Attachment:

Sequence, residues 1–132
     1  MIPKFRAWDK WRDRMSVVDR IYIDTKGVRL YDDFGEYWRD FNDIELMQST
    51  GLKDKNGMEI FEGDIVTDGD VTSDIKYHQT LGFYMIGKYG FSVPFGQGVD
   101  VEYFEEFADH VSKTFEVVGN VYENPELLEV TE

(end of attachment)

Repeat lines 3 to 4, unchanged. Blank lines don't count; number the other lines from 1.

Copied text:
    51  GLKDKNGMEI FEGDIVTDGD VTSDIKYHQT LGFYMIGKYG FSVPFGQGVD
   101  VEYFEEFADH VSKTFEVVGN VYENPELLEV TE